Researching the individual in workplace research

Stephen Loftus, Joy Higgs

    Research output: Contribution to journalArticlepeer-review

    11 Citations (Scopus)


    Researching how people are educated for practice has often been seen as problematic. We recommend qualitative approaches that draw on hermeneutic phenomenology and narrative inquiry. It is our intention to outline approaches that we believe can be used in an emerging research agenda. We begin by examining assumptions underlying much workplace research and recent trends, such as social constructionism. There has been a gradual recognition of the importance of the social aspects of practice with the rise in popularity of such ideas as communities of practice, and the recognition of the significance of the work of scholars such as Vygotsky. However, the individual's interaction with the practice environment and their interpretation of their own experience has been somewhat neglected. We argue that there is an important dialogical relationship between the individual and the practice environment, affected by personal histories, workplace cultures and education. We need more research that deeply engages with the individual's perspective on practice. We argue that combining hermeneutic phenomenology and narrative inquiry can allow research to engage with the individual's subjective experience and explore the relationships between individuals and their communities of practice. We also draw on the ideas of the Russian scholar, Mikhail Bakhtin, to further develop the importance of studying the dynamic dialogical relationships that individuals establish with themselves and their practice environments.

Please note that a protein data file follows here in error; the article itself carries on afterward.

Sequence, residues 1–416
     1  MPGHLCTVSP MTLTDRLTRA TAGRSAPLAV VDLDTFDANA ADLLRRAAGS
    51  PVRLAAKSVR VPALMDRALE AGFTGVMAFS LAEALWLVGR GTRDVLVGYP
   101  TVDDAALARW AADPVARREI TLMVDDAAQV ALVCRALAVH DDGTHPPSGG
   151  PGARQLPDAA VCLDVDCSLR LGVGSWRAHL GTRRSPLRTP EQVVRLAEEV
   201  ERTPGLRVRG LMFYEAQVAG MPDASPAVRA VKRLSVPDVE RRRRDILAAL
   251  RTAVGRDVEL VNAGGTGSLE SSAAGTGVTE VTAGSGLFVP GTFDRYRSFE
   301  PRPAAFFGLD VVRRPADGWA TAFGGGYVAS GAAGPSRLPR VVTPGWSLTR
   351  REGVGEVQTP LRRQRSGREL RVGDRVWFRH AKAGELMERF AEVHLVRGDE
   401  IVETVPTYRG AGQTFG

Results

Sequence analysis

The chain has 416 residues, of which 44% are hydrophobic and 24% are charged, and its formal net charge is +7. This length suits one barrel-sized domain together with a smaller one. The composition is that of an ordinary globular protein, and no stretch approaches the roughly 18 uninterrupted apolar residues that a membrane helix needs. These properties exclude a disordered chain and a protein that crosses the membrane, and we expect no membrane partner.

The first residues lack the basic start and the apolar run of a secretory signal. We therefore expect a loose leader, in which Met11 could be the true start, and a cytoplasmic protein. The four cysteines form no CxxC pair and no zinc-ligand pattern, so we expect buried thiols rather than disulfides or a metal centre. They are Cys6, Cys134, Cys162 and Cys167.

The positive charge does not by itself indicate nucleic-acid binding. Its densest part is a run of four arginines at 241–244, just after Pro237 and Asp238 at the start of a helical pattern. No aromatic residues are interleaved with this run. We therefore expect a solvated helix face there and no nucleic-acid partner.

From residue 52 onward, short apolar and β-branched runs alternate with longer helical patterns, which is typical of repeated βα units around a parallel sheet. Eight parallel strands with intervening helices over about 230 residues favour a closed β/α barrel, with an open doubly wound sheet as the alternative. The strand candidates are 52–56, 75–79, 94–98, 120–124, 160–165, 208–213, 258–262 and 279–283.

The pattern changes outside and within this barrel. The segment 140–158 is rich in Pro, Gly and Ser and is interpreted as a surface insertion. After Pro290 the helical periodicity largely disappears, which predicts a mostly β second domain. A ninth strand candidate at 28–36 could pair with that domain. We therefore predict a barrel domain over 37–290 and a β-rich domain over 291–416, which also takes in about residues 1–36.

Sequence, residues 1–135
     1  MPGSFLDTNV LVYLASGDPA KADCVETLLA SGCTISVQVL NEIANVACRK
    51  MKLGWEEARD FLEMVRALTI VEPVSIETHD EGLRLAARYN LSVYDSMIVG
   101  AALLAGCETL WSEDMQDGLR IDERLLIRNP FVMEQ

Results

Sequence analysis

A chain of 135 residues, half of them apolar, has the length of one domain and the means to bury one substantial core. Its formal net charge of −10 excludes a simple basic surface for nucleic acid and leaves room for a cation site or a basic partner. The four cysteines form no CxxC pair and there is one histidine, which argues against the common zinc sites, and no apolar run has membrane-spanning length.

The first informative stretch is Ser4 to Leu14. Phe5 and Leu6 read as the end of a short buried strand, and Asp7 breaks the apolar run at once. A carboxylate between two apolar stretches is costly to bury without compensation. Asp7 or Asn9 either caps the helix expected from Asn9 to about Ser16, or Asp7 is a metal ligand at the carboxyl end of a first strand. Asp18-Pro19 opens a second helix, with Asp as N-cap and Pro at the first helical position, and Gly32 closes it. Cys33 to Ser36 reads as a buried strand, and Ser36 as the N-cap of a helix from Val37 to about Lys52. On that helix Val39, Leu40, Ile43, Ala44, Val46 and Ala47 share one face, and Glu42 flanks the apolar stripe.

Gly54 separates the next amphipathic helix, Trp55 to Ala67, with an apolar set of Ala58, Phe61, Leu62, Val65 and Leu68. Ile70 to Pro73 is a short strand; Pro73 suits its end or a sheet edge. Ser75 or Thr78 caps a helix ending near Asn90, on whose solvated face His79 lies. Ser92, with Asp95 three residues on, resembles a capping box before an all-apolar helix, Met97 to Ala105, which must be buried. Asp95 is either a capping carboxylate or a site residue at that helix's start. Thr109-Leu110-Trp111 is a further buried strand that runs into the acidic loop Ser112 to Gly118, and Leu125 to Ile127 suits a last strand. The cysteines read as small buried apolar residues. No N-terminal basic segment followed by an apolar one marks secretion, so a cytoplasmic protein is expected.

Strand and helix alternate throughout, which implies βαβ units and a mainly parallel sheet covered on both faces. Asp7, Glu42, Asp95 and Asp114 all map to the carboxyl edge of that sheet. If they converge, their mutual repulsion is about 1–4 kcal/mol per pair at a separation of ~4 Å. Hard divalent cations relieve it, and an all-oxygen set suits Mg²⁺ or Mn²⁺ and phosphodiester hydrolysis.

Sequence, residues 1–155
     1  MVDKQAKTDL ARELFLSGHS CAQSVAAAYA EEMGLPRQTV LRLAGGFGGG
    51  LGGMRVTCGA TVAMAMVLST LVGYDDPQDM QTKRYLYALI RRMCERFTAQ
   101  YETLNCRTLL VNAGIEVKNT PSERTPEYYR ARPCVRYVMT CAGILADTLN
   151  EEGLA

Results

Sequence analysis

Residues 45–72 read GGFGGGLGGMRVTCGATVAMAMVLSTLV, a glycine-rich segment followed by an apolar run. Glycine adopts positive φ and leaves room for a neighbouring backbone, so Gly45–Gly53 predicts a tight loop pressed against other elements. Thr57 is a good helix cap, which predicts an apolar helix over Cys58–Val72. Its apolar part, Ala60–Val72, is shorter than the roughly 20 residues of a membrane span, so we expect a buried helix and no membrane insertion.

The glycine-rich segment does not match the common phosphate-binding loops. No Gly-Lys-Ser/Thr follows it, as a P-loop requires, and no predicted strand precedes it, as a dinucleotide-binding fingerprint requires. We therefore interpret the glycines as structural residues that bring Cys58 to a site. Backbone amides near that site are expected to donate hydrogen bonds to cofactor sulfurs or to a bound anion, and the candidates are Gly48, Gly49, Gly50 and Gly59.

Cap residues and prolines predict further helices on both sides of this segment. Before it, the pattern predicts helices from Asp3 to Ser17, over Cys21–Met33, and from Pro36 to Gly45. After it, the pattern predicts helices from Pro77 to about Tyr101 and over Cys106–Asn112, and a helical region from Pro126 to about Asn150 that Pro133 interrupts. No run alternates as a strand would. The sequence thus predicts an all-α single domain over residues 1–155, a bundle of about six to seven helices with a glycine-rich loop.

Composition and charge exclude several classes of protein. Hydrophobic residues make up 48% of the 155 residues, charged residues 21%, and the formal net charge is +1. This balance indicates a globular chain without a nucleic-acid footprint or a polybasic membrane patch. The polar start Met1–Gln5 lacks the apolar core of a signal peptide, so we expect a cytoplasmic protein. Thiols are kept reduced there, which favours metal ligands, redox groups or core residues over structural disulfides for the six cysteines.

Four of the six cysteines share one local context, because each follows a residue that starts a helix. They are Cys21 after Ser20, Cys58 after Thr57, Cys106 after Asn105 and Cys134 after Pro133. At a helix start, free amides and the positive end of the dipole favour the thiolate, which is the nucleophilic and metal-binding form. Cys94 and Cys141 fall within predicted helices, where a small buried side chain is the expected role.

Original languageEnglish
    Pages (from-to)377-388
    Number of pages12
    JournalJournal of Education and Work
    Issue number4
    Publication statusPublished - Sept 2010


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